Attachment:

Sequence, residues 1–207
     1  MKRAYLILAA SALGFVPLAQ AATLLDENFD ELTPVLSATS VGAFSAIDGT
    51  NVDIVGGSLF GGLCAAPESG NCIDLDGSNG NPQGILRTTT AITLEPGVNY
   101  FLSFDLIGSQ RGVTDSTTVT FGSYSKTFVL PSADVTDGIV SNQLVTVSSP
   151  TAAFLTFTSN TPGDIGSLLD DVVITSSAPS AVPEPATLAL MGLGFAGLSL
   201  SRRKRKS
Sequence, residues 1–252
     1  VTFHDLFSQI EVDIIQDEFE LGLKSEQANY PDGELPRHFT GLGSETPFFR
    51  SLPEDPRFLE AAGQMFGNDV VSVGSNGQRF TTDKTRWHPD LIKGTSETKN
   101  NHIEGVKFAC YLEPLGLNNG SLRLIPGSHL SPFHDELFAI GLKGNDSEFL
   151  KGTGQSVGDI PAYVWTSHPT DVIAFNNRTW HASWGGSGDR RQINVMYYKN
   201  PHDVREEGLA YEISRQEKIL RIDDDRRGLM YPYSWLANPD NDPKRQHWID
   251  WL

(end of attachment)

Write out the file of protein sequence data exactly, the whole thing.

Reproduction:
Sequence, residues 1–207
     1  MKRAYLILAA SALGFVPLAQ AATLLDENFD ELTPVLSATS VGAFSAIDGT
    51  NVDIVGGSLF GGLCAAPESG NCIDLDGSNG NPQGILRTTT AITLEPGVNY
   101  FLSFDLIGSQ RGVTDSTTVT FGSYSKTFVL PSADVTDGIV SNQLVTVSSP
   151  TAAFLTFTSN TPGDIGSLLD DVVITSSAPS AVPEPATLAL MGLGFAGLSL
   201  SRRKRKS
Sequence, residues 1–252
     1  VTFHDLFSQI EVDIIQDEFE LGLKSEQANY PDGELPRHFT GLGSETPFFR
    51  SLPEDPRFLE AAGQMFGNDV VSVGSNGQRF TTDKTRWHPD LIKGTSETKN
   101  NHIEGVKFAC YLEPLGLNNG SLRLIPGSHL SPFHDELFAI GLKGNDSEFL
   151  KGTGQSVGDI PAYVWTSHPT DVIAFNNRTW HASWGGSGDR RQINVMYYKN
   201  PHDVREEGLA YEISRQEKIL RIDDDRRGLM YPYSWLANPD NDPKRQHWID
   251  WL